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Operating Systems Linux

Linux Kernel 2.6.31 Released 374 writes "The Linux kernel v2.6.31 has been released. Besides the desktop improvements and USB 3.0 support mentioned some days ago, there is an equivalent of FUSE for character devices that can be used for proxying OSS sound through ALSA, new tools for using hardware performance counters, readahead improvements, ATI Radeon KMS, Intel's Wireless Multicomm 3200 support, gcov support, a memory checker and a memory leak detector, a reimplementation of inotify and dnotify on top of a new filesystem notification infrastructure, btrfs improvements, support for IEEE 802.15.4, IPv4 over Firewire, new drivers and small improvements. The full list of changes can be found here."
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Linux Kernel 2.6.31 Released

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  • IPv4 over Firewire? (Score:4, Interesting)

    by 0100010001010011 ( 652467 ) on Thursday September 10, 2009 @08:52AM (#29377245)

    I guess I really wasn't into linux until the last 3-4 years, but hasn't OS X done this since the start? And I think my XP machine at work tries to use Firewire as a network adapter.

    What took so long, honest question.

  • 70% drivers! (Score:3, Interesting)

    by millwall ( 622730 ) on Thursday September 10, 2009 @09:05AM (#29377363)

    Lots and lots of driver work. Over 70% of all of the 2.6.30 to 2.6.31 patch is under drivers/, and there's another 6%+ in firmware/ and sound/. That's not entirely unusual, but it does seem to be growing. My rough rule of thumb used to be "50% drivers, 50% everything else", but that's clearly not true any more (and hasn't been for a while - we've been 60%+ since after 2.6.27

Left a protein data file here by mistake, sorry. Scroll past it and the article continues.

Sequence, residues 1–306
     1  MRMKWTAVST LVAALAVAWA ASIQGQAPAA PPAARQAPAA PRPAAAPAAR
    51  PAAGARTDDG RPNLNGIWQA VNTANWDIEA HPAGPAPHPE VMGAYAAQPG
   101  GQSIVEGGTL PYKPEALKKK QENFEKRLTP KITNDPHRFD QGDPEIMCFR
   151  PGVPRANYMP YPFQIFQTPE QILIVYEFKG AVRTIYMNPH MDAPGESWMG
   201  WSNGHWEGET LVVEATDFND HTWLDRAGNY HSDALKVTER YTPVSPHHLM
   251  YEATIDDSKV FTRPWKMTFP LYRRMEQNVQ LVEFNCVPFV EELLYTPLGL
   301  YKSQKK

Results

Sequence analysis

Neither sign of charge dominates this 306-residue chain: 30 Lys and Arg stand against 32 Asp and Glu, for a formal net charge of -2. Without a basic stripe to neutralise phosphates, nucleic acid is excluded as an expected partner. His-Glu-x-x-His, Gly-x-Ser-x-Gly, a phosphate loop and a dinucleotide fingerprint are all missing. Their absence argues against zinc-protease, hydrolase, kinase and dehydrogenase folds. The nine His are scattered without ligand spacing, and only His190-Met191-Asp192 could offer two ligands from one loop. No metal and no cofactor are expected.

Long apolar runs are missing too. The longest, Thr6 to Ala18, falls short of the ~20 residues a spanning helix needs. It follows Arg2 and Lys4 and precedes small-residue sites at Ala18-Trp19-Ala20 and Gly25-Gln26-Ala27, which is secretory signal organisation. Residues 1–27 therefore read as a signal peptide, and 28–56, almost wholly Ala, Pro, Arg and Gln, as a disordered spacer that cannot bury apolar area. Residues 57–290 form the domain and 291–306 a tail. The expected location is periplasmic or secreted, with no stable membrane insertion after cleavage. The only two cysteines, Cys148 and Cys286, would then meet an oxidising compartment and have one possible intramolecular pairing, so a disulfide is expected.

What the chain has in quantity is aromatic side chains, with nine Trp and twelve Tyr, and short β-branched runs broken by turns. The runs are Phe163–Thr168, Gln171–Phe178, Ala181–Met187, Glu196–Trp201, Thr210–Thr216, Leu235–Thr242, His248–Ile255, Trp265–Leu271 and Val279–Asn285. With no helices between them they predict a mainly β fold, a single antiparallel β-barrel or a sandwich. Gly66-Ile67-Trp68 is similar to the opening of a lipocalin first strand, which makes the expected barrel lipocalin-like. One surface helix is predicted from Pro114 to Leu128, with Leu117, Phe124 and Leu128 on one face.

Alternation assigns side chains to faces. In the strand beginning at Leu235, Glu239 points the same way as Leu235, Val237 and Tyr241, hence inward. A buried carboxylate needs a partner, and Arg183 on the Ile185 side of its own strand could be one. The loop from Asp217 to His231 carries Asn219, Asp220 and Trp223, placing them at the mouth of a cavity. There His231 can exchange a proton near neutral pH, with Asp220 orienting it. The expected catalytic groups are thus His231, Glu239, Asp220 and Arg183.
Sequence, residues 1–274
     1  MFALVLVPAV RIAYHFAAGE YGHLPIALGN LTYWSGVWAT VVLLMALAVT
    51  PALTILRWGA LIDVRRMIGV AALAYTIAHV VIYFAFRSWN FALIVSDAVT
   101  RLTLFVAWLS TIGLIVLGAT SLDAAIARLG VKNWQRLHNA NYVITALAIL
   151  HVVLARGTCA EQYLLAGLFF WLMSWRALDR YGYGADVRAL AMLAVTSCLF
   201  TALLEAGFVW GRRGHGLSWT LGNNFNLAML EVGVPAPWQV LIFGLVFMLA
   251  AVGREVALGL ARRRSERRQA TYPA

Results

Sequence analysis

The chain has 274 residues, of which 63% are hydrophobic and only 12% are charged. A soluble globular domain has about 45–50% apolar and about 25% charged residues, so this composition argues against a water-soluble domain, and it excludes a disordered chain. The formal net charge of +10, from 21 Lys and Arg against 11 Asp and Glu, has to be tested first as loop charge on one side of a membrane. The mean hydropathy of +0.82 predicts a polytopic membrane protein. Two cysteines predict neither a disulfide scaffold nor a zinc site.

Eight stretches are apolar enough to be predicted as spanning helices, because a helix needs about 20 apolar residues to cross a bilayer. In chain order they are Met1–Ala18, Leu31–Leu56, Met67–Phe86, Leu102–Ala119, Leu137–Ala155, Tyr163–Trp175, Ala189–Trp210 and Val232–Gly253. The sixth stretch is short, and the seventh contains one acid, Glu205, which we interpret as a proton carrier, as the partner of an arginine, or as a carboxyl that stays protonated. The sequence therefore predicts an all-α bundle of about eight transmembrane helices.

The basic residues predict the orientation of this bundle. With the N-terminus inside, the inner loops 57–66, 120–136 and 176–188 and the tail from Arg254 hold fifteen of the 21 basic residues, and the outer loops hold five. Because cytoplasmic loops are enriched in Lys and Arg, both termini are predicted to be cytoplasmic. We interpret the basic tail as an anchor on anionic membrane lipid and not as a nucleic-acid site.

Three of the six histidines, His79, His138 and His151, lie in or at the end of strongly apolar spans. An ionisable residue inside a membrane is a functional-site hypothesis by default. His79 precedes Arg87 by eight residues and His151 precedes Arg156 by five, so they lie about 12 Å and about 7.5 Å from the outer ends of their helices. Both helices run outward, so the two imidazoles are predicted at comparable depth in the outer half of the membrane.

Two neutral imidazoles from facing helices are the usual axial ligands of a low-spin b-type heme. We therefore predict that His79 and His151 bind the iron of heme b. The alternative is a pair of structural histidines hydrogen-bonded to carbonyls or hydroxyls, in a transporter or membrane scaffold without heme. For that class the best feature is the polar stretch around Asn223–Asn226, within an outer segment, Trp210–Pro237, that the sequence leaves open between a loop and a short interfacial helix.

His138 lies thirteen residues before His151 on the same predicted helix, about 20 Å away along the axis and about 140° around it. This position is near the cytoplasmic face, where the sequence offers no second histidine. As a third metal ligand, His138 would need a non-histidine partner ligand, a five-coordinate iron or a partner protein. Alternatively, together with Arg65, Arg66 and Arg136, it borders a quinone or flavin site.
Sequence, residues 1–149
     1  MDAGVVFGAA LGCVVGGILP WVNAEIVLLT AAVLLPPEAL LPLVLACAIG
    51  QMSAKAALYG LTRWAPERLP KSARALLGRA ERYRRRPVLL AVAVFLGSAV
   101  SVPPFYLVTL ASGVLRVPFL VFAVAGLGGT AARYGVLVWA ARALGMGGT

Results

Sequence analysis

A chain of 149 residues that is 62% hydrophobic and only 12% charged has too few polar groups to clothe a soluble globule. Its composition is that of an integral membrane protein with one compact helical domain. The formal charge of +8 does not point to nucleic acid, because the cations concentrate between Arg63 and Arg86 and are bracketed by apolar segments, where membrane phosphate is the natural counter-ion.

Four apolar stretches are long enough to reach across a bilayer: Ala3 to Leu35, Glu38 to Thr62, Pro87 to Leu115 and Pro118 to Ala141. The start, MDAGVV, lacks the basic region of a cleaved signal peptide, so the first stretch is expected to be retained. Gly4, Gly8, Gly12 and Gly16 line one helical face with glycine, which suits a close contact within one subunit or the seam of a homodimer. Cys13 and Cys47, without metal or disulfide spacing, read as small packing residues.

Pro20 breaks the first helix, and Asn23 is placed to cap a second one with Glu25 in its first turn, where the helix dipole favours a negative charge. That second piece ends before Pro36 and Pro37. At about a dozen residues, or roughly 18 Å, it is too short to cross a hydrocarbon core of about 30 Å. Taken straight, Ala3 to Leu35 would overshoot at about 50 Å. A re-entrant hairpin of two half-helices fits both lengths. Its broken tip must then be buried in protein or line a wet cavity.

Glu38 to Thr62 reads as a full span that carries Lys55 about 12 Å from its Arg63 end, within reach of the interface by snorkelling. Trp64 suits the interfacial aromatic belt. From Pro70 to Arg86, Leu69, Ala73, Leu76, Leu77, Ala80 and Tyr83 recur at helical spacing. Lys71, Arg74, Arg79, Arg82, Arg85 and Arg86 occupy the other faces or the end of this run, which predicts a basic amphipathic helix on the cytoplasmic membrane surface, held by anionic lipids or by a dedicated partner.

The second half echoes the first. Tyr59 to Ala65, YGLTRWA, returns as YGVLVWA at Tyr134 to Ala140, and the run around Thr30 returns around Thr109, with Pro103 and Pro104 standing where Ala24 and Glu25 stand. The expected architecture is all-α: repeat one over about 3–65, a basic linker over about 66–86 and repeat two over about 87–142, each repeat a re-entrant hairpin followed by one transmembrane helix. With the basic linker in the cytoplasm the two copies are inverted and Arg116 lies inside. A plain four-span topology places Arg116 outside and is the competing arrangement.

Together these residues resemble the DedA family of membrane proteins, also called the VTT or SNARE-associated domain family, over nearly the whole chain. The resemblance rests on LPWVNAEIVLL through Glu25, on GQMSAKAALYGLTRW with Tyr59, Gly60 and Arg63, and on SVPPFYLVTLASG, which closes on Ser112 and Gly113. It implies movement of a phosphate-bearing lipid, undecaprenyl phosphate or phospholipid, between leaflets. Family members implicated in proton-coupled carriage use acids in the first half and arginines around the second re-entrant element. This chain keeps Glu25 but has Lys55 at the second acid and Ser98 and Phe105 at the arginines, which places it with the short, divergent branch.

I personally think this is a real pity. So much time is being spent on getting drivers implemented that new features and other kinds enhancements are being pushed back.

  • by muckracer ( 1204794 ) on Thursday September 10, 2009 @09:14AM (#29377479)

    Networking over USB would be awesome. Link 2 PC's with USB cable and voila! Hell, even being able to mount an internal drive that way on the other machine would be cool. Anything like that in the works (haven't checked)?

  • by Lemming Mark ( 849014 ) on Thursday September 10, 2009 @09:44AM (#29377819) Homepage

    How was the parent modded troll, it's completely valid!

    It's a good idea. There have been networking over USB devices (by which I mean plugging both machines USB ports into the device, not "merely" a USB ethernet adaptor). The problem with doing this with USB, rather than Firewire is that USB has a really strong concept of "host" and "device". The cables are made to only plug into certain combinations of endpoints because, sadly, only certain combinations of endpoints can possibly work. You can't plug the host controller of one PC into another, since they're only expecting to talk to devices, not another controller. This is in contrast to Firewire, which is peer-to-peer and (in principle) anything could talk to anything over it.